There's a widespread belief that stress is inherently bad. That's false. Stress in itself is not what matters, but the individual's _response_ to stress. (a) When we're hit with a weather phenomenon that leaves us with no electricity, no heat (or no air conditioning), no running water or sanitary facilities, no telephone, no television, etc., we call that a "disaster" and we find it extremely stressful; we want to be "rescued" and resent it bitterly when no one comes to our aid. And yet (to the total amazement of my Laotian son-in-law) we will spend our own good money to do something we call "going camping" which carries with it an almost identical set of conditions. (b) If someone forced us to stand in ice water for an hour, and forced us to stand in that water while waving one arm back and forth over our head, we'd call it torture; we'd almost certainly come out of it in a terrible state. But we will cheerfully spend hour after hour doing exactly the same thing, provided it's called "trout fishing." (c) In one of the most famous experiments in this field, a company of soldiers was divided into three groups for a forced march over twenty kilometers of rough terrain carrying a heavy pack. Everything was done to make the three groups as identical as possible, to eliminate uncontrolled variables. Before the march, every soldier was given a thorough exam to determine physical condition; the exam was repeated at the end of the march. One group of soldiers was given regular information during the march about how far they'd gone, how much distance remained, and so on. One group was given no information of that kind at all. And one group was given false information -- told something like "You only have another four kilometers to go" when in fact there were still eight kilometers left in the march, and then told "Oh, we were wrong," and so on. Results: At the end of the march, the soldiers who had been given false information were in much worse condition than the other two groups, and those given accurate regular information -- feedback -- were in the best condition. There were no exceptions. Every soldier was in the same physical condition before the march; every soldier marched the same distance over the same route carrying the same weight; but at the end, their physical condition was determined not by the conditions of the march but by their reactions to those conditions.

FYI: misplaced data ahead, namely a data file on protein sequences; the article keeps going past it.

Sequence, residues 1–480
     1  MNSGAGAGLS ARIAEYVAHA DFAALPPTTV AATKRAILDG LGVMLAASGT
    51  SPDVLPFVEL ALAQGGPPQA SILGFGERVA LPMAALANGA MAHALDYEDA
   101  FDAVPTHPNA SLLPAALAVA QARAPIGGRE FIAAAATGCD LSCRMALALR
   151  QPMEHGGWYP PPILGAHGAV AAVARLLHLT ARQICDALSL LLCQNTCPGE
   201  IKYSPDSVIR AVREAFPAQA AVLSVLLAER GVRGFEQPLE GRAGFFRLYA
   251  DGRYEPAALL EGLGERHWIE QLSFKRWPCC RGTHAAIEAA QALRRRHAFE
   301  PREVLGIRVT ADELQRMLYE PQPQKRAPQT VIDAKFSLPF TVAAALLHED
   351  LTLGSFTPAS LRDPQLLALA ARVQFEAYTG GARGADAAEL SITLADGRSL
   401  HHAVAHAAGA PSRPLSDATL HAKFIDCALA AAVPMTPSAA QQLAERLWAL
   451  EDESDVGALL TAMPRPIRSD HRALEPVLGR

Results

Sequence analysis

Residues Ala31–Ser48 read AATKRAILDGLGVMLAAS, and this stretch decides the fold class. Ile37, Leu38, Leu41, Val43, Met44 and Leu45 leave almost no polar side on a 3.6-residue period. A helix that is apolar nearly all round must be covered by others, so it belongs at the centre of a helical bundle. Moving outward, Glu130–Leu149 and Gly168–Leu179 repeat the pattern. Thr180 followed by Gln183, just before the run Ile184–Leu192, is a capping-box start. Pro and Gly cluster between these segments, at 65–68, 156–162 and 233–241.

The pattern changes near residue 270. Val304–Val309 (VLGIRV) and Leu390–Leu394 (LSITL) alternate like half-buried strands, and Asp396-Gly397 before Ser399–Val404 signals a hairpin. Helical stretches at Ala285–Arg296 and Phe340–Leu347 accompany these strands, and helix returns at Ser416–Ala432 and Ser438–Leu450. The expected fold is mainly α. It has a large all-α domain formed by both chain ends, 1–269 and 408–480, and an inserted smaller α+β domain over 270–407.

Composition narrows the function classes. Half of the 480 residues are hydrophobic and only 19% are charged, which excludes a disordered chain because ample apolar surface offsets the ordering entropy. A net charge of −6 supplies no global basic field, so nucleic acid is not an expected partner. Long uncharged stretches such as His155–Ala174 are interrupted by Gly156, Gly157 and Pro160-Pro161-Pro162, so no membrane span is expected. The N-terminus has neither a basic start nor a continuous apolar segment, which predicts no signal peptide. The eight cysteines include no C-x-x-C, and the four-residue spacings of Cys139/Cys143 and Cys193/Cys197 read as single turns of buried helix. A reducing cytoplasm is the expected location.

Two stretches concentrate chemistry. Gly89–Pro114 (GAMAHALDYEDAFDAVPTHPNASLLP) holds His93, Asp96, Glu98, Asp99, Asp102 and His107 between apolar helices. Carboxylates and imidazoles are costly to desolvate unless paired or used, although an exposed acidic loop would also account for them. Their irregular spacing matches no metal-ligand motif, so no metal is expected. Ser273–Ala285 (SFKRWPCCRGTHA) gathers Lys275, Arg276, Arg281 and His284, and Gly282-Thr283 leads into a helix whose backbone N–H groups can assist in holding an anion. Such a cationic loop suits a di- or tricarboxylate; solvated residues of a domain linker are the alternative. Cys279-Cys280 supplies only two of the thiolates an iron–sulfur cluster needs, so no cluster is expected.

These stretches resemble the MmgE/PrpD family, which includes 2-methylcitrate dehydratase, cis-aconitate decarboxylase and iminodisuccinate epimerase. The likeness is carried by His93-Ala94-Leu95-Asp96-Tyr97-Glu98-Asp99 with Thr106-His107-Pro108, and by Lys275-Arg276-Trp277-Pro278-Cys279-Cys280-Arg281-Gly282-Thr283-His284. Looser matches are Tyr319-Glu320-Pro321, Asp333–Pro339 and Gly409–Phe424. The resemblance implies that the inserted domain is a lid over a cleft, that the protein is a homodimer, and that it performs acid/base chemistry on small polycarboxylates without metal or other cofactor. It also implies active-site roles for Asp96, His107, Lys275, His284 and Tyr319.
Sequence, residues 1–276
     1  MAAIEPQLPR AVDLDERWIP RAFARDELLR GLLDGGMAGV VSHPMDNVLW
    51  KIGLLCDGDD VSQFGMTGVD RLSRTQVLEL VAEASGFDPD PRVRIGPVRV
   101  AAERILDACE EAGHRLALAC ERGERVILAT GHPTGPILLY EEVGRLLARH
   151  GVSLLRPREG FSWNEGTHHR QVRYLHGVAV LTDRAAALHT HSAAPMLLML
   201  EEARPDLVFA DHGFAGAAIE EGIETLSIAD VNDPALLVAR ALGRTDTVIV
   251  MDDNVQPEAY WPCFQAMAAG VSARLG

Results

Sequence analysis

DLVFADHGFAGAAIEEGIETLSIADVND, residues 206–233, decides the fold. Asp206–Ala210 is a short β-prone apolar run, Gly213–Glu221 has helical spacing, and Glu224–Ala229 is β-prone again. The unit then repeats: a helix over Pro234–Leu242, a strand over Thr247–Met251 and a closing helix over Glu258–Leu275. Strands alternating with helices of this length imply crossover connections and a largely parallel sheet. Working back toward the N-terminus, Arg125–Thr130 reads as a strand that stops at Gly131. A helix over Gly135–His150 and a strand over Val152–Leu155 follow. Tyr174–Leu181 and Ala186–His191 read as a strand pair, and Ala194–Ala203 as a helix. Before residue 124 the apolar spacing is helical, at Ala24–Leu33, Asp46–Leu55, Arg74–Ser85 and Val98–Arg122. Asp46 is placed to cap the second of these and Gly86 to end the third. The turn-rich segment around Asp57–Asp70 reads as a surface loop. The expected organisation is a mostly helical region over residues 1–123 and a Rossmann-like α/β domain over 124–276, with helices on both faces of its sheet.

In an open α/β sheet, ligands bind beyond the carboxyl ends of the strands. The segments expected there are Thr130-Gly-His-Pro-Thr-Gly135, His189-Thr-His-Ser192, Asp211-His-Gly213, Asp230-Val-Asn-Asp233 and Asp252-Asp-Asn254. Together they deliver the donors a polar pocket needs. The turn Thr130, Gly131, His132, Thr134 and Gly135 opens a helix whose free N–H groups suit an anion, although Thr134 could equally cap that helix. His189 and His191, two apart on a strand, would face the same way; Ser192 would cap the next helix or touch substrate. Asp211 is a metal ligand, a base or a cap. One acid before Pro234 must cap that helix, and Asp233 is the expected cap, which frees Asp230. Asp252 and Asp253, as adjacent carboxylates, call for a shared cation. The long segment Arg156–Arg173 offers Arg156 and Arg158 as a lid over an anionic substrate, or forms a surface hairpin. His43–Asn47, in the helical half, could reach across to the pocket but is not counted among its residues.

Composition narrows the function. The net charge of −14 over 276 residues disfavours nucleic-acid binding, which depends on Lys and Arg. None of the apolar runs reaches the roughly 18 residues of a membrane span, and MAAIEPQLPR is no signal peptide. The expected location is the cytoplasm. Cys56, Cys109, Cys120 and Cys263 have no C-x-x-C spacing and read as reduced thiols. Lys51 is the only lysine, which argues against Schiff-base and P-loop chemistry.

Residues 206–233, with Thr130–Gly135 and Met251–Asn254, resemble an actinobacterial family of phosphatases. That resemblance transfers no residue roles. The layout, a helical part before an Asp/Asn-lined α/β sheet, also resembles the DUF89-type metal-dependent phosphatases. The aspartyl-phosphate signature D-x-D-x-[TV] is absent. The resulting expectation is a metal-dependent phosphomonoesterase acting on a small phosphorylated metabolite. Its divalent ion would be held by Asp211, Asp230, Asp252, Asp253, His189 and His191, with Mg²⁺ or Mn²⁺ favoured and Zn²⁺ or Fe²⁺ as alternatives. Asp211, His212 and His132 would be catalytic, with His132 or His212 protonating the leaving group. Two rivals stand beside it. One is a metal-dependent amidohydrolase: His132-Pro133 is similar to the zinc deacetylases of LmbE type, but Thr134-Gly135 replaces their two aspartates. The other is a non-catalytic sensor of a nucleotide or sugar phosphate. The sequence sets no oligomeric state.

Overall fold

There are overwhelming stresses against which human beings are truly almost defenseless -- engulfing fire, tornado-force winds, machine-gun bullets.....a list you'll all be aware of. Any normal human being, facing one of those, perceives immediate danger that triggers the flight or fight response (or the fetal response). But few of us die or even suffer injury from those stresses; most of us die or suffer injury (including mental/emotional injury) as a result of stresses against which we do have defenses and for which we have a certain amount of control over our responses.